Improve your PowerPoint sales presentations

The most effective sales presentations are in my experience achieved using an “on-the-fly” approach, such as with a flip chart.  This is because you are demonstrating personal knowledge and belief to your audience, which in turn builds credibility and trust.  However, there are limits to this approach, such as audience size, and there are times when only a slide show will do.

It amazes me how often I continue to see poor PowerPoint et al slide shows.  When this is a sales presentation to a prospective customer, it can break an opportunity.  Let me give you my tips on some basic but important elements that have proved to be successful for me.

Firstly, choice of colour.  A medium to darker blue background is considered to be the most effective and gives you confidence.  Text should be white for contrast; I often use yellow for headings to reinforce.  I still see dreadful colour combinations, the worst being red on green (the most common form of colour blindness).  Actually no, the worst was at a presentation to my son and his peers given by a premier US college on why to apply to them – all website reference links were yellow on white and unreadable!

Reduce the number of words on your slides.  OK, for training or technical presentations, word-packed slides are necessary.  But for a sales presentation, you need brief bullet points with the key sales message for each and then talk to your audience around each bullet message.  This stops any reading off the slide (face the audience as much as possible) and establishes your sincerity.  This aspect is often a big difference between successful salespeople and more technical staff who tend to like having all the words on their slides to then repeat at their presentation.  It also helps the impact if you plan to leave a printed copy of the slides with the prospect.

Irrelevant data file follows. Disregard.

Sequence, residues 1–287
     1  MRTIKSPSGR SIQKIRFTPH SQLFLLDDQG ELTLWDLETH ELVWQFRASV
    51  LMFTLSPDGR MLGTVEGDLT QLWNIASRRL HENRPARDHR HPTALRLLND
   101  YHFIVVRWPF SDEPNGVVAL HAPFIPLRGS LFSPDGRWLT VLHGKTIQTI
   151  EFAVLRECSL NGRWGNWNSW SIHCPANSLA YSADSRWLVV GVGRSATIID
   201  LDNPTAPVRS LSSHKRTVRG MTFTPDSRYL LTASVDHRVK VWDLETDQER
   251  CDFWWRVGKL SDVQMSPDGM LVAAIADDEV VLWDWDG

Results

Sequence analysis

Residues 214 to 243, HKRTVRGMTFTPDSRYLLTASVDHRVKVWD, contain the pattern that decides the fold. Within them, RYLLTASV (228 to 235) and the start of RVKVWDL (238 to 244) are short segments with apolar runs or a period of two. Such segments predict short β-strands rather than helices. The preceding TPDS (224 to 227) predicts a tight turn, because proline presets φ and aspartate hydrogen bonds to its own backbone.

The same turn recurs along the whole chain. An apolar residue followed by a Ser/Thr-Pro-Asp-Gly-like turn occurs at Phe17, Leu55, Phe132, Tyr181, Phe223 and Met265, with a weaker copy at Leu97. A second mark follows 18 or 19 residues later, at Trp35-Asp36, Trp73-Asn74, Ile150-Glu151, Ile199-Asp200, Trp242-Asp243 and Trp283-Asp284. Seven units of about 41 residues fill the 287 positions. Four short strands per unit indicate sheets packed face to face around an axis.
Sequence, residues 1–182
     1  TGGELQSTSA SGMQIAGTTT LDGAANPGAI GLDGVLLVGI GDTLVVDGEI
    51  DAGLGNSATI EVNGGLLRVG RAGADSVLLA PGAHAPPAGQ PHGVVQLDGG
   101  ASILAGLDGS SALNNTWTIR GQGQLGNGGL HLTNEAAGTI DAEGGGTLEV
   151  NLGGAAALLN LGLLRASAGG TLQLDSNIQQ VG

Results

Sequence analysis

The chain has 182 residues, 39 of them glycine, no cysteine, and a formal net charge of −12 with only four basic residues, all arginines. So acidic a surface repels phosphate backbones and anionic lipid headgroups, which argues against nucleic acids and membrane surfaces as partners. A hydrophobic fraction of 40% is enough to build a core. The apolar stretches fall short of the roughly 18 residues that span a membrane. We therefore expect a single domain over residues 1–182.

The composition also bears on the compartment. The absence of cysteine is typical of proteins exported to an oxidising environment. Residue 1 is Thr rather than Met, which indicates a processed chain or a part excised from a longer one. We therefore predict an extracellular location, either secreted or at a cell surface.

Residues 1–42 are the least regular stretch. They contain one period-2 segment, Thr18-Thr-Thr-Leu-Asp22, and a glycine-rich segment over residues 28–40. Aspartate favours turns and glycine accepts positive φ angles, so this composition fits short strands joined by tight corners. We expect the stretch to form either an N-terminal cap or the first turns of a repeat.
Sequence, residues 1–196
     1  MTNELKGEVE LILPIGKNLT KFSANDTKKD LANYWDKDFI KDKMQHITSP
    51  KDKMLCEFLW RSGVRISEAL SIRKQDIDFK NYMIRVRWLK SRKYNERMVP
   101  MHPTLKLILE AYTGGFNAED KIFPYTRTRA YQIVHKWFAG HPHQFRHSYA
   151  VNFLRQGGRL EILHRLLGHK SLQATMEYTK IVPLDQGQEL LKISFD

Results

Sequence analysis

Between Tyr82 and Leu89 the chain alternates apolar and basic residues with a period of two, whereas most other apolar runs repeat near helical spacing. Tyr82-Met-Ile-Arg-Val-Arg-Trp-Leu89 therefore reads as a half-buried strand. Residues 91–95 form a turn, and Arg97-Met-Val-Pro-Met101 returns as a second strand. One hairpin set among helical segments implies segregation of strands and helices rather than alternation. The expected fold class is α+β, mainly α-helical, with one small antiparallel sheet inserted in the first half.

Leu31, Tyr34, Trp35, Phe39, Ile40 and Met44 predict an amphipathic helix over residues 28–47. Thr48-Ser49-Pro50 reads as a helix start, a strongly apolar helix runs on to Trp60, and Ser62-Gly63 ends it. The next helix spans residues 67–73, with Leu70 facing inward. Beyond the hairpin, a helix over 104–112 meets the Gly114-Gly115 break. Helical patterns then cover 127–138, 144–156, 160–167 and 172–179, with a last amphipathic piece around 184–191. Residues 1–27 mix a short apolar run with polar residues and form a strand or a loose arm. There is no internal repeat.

Make sure you have an agenda slide at the beginning and a summary slide at the end (again, I’m astonished how often this isn’t done).  This is to follow the well-known presenter’s rule of “Tell ‘em what you’re going to tell ‘em, Tell ‘em, Tell ‘em what you told ‘em).  Your audience will remember more of your content.

Finally, you must practice giving the presentation.  This is especially true for a sales presentation, where you are more reliant on your skills and memory to develop your sales bullet points.  Say it out loud, ideally to an in-house audience.  I guarantee that it will be better the next time you present it.

The presentation content is down to you.  Except that I’ve got some insights on how to make your corporate presentation stand out from the crowd – coming next!

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